New hockey director welcomed

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— There might have been a change in the new director of coaching for Steamboat's youth hockey program, but don't expect too many other changes.

Dave Strang, who replaced John Seymour as the director of coaching, said he plans on keeping the youth program running the same way Seymour did for the past year and a half.

Strang took the position on Nov. 15 after Seymour left to spend more time with his family, the program's vice president Bill Krueger said.

Strang, who moved to Steamboat in May after spending two years in Vail as the coaching director for their youth program, said he was planning only minor adjustments to the program.

"I'm picking up where Seymour left off," Strang said. "There are not a whole lot of changes, really."

Not a newcomer to Steamboat, Strang has worked in the youth hockey program as a coach for the squirt and bantam teams.

Strang even coached under Seymour on the midget team and worked together in hockey camps before leaving Steamboat a few years earlier, Krueger said.

That linkage made Strang a natural candidate for the position.

"I don't see anything changing. (Strang) and John have the same mind hockey-wise on how things should be under progression," Krueger said. "There are not any big changes. We don't need any big changes; there's nothing wrong with our program."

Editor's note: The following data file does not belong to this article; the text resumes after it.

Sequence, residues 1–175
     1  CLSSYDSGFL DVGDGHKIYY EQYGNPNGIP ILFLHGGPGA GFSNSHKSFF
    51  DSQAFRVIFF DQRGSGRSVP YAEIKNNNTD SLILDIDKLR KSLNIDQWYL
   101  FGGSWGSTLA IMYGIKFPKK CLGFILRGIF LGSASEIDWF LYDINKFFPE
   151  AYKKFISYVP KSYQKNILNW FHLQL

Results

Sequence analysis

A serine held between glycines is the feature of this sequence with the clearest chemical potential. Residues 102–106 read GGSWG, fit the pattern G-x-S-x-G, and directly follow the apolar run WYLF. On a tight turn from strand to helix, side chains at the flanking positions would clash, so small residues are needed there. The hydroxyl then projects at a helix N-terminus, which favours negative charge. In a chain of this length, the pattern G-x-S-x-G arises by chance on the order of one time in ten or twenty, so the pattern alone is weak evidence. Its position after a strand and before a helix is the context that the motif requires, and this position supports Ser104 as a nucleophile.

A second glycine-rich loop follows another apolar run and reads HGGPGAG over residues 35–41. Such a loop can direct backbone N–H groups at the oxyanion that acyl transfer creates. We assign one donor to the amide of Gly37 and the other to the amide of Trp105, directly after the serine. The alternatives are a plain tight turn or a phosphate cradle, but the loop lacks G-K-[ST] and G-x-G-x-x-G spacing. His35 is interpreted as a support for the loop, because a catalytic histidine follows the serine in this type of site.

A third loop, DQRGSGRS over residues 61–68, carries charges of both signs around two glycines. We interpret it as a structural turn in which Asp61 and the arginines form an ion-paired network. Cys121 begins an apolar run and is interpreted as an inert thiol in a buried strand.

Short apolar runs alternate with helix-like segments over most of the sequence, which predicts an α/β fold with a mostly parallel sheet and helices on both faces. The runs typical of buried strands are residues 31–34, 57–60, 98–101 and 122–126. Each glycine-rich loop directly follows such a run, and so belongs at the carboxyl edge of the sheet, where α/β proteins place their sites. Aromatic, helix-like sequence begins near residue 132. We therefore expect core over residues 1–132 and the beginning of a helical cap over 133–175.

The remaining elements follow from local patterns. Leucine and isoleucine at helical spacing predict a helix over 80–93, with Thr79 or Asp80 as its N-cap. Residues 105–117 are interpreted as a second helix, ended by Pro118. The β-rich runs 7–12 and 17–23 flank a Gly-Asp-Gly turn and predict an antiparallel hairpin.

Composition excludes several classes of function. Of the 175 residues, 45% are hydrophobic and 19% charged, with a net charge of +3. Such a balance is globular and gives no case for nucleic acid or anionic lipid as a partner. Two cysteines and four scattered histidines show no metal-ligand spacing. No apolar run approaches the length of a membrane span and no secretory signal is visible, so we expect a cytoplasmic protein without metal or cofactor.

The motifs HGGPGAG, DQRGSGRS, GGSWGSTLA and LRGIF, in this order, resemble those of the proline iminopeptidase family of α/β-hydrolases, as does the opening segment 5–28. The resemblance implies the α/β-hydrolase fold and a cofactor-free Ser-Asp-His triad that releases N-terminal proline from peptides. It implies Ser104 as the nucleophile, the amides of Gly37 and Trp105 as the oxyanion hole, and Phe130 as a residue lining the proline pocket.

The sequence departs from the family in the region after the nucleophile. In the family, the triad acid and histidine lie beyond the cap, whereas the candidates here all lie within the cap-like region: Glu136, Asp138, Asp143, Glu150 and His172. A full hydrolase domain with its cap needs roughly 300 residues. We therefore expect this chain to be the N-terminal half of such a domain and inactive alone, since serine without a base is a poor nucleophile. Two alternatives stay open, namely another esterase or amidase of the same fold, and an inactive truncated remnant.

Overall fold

As the director of coaching, Krueger said what Strang will be doing is finding coaches to teach hockey progressively through the years. The goal is for high school- age players to have the basic skills mastered so they can concentrate on more sophisticated aspects of the game.

Seymour decided to stay on until early November to take the program through the beginning of the season, which involves securing coaches for the program's 13 teams, Krueger said.

One adjustment Strang does hope to bring with him is to expand the girls hockey program. Strange said female hockey players have a lot of opportunities in college and women's leagues after school.

"Girls hockey is one of the fastest-growing sports in America," Strang said. "There are such opportunities to do things with hockey after they leave our area."

This year, the youth program has 20 female hockey players.

Four of the players are also members of a girls' Under-19 team in Vail. The rest of the program's females play on a U-15 team in Steamboat.

Both Krueger and Strang also hope to see the midget hockey program become a high school -sanctioned sport by April.

Last year, the Steamboat Springs School Board denied the request for a boys hockey program.

With the completion of bleachers in the remodeled ice rink and a revision to the midget's grade policy, Krueger said the program should be able to be a sanctioned sport this year.

If the midget program would become a high school sport, it would follow the lead of Vail, Summit and Aspen high schools, which have created high school teams in the past few years.

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